An on-field clinic, a tour of the Eagles training facilities, sausage sizzle and giveaways!

 

Headline Sponsor:

ProtoDPS

November 2023

Diabetes Research Western Australia would like to congratulate Dr Lakshini Herat on winning the prestigious Professor Lyn Beazley AO Emerging Leader Award.

The awarding body stated the following:

The Professor Lyn Beazley AO Emerging Leader Award aims to recognise and support early career researchers who have demonstrated exceptional promise and dedication in their scientific or clinical research endeavours.

The award is named in honour of RPH Research Foundation’s immediate past Board Chair Professor Lyn Beazley AO, in recognition of her leadership, advocacy of research and commitment to supporting the next generation of researchers.

Dr Herat is a passionate medical researcher striving to develop effective treatments for the management of hypertension, diabetes, and its complications. Her research focuses on understanding how Sodium Glucose Co-transporter (SGLT) family members, known as “gliflozins”, protect organs such as the heart, kidneys and eyes in diabetes and hypertension.

Dr Herat’s research has revealed that “gliflozins” lower blood pressure by reducing the activity of the sympathetic nervous system and thereby protects the heart and kidneys in diabetes and hypertension, a completely new finding identifying the sympathetic nervous system as an important mediator of “gliflozins” beneficial effects. She has also discovered that these medications protect the eyes during diabetes, by lowering the harmful proteins that cause the uncontrolled growth of weak blood vessels in the retina.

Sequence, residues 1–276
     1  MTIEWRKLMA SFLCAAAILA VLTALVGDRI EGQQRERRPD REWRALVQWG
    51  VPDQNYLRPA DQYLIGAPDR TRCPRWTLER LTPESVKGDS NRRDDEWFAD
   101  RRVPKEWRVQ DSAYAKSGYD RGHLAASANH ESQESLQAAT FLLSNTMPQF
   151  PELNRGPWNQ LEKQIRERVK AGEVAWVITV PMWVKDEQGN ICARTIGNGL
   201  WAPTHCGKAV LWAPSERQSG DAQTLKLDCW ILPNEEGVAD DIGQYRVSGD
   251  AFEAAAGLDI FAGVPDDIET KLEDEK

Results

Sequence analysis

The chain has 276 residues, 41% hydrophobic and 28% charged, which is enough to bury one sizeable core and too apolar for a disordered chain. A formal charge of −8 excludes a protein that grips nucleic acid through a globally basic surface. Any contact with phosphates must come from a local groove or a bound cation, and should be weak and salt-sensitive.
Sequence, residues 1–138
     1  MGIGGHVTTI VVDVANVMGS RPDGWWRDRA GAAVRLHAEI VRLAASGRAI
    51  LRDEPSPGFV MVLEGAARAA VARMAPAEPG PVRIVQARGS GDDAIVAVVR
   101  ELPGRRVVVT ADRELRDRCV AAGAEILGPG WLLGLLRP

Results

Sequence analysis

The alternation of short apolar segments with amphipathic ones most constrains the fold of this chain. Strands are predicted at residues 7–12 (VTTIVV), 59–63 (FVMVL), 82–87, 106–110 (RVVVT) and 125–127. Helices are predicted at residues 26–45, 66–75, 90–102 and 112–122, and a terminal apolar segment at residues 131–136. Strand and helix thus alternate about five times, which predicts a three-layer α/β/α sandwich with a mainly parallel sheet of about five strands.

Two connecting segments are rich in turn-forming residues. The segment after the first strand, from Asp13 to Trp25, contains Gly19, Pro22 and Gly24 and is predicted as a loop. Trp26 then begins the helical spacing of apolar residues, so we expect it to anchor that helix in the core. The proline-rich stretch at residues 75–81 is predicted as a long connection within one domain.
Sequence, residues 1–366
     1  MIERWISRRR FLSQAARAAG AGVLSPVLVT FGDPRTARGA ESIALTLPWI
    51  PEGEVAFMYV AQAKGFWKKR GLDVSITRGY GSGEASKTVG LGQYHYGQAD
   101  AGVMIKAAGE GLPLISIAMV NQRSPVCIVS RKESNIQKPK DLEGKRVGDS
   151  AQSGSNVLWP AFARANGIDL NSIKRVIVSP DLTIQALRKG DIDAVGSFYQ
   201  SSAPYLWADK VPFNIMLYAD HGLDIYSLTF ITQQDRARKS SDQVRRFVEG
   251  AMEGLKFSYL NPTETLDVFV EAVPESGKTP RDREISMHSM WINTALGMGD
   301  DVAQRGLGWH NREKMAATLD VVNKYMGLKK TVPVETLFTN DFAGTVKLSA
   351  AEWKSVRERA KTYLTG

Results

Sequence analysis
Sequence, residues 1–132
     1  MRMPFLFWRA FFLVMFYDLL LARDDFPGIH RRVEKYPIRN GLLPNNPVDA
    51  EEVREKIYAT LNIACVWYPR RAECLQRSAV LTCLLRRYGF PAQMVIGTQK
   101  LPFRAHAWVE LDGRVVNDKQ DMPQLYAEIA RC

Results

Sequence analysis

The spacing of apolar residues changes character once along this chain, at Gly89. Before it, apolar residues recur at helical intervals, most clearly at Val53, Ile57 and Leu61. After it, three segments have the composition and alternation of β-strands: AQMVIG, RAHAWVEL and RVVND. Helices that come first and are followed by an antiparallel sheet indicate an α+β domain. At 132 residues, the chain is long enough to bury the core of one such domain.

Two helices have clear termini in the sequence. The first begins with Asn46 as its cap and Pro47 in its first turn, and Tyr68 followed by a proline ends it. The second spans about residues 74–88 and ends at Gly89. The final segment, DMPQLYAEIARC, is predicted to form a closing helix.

Working with the Dobney Hypertension Centre as one of the RPH Research Foundation’s Career Advancement Fellows, Dr Herat has received multiple prizes and more than $530,000 in grant funding.  She has been recognised for her work inspiring the next generation of researchers by encouraging young women to pursue STEM.

Dr Herat has also shared her research findings at local, national, and international conferences. She is a passionate advocate for sharing research with those living with diabetes, and the community, to empower individuals with knowledge, promote proactive healthcare behaviours, and contribute to better diabetes management and eye health outcomes within our community.

This article was originally published on the RPH Research Foundation website. 

The Parliament of Australia recently adopted an enquiry into diabetes in Australia, and Diabetes Research WA has submitted a response.

In a mini-podcast, Peter Kerr, Chairman of Diabetes Research WA explains why we believe there is a very strong case for an increase in funding in a coordinated way in Australia.

Existing expertise already present in Australia can add tremendous value, but only if funding is available.

You can read our full response here.